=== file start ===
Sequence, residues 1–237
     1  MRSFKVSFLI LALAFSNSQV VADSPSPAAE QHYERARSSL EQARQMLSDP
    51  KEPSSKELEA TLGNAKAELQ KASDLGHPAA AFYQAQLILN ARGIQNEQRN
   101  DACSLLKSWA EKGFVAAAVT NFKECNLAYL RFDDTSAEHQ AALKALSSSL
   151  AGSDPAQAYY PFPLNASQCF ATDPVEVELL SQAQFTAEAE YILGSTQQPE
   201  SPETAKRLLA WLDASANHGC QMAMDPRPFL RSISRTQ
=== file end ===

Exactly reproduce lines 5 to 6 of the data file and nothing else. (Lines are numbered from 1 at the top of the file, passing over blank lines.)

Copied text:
   151  AGSDPAQAYY PFPLNASQCF ATDPVEVELL SQAQFTAEAE YILGSTQQPE
   201  SPETAKRLLA WLDASANHGC QMAMDPRPFL RSISRTQ